Yesterday, Fed Chairman Ben Bernanke announced that the recession is "very likely" over, and Warren Buffett and Rupert Murdoch have agreed. Good news, except most of the bad things about recessions keep on going after they're over.
Bernanke said yesterday that he expects growth to return to the economy this year, which Time's Justin Fox points out isn't really news, since he said virtually the same thing last month. But the news narratives must be forged, so for some reason this time we're taking it seriously. Buffett told CNBC this morning that we've "hit a plateau at bottom," and Murdoch says he thinks the economy is "going to get a nice bump."
But all three men issued warnings that the the recovery will be slow, painful, and jobless. Here's Benanke:
Even though from a technical perspective the recession is very likely over at this point, it's still going to feel like a very weak economy for some time as many people will still find that their job security and their employment status is not what they wish it was.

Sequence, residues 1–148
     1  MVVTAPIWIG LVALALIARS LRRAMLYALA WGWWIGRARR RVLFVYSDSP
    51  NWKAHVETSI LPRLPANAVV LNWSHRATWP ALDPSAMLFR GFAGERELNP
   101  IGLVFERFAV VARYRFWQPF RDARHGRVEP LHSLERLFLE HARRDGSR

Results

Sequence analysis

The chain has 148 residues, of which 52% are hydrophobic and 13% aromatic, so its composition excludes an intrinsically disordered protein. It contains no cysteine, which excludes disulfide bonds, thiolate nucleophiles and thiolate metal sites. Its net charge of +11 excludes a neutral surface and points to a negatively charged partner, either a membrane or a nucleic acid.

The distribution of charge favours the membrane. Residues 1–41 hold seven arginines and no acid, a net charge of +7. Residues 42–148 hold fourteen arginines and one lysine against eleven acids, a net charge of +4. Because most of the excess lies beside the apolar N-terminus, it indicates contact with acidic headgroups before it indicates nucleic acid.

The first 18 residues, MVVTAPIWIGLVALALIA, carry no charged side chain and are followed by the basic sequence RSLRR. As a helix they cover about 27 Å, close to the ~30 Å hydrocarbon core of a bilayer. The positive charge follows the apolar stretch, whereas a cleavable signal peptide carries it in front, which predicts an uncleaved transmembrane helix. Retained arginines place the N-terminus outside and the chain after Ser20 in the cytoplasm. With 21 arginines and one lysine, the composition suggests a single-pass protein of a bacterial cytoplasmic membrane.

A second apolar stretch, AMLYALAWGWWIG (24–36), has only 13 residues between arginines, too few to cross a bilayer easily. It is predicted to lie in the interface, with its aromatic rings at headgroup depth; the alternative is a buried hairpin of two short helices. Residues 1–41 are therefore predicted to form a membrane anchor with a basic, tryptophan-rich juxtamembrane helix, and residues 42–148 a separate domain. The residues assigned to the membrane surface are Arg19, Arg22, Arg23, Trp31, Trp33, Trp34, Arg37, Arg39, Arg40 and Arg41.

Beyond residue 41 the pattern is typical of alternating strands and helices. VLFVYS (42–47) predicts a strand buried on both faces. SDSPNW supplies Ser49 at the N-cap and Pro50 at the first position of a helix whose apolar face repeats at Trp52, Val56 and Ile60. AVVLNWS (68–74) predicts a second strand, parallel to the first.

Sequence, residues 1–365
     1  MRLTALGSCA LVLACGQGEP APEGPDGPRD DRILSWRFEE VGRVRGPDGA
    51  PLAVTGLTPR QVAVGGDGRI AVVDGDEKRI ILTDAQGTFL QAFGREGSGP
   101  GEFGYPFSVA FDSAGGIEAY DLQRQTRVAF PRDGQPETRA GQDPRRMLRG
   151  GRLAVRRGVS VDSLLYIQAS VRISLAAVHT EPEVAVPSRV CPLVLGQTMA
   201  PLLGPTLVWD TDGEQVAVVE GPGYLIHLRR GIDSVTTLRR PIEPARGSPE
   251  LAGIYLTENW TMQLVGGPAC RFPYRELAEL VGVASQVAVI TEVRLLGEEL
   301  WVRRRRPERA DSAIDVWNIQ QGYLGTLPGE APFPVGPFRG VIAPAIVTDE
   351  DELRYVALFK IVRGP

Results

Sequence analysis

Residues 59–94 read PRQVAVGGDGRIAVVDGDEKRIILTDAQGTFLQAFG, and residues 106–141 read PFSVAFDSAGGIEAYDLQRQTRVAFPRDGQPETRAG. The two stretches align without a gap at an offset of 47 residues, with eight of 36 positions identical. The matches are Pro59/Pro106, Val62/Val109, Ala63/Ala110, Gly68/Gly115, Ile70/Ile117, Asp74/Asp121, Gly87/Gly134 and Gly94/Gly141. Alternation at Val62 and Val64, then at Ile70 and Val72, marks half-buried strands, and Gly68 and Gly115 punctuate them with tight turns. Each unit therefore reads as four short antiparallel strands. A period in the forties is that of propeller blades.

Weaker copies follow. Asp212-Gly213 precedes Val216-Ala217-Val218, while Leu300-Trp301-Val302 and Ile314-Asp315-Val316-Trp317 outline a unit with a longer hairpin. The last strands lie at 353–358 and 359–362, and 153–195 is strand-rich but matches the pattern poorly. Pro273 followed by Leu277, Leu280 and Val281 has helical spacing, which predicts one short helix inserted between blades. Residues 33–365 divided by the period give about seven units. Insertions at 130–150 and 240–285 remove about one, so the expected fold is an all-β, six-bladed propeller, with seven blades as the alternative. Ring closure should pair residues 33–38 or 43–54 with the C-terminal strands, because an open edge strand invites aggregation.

In other words, the arbitrary statistical measures that we've decided to use to judge the health of the economy tell us that the recession is over, but most of the real-world measures that actual people use to judge the health of their economic lives—whether they have a job, can count on keeping the job, and make enough money from the job to live on—are still tanking. It's kind of like a pilot emerging from wreckage of an air disaster and announcing, "The plane crash is over!"
Terms like "recession" are obviously useful to economists and bankers, but they fail to capture the reason they are actually bad. So maybe we should come up with a new word to reign in the sort of statistical chicanery that permits headlines saying RECESSION IS OVER when unemployment continues to stand a hair under 10 percent and likely will for months and months to come. "Mancession" is already taken, sadly. How about "realcession"?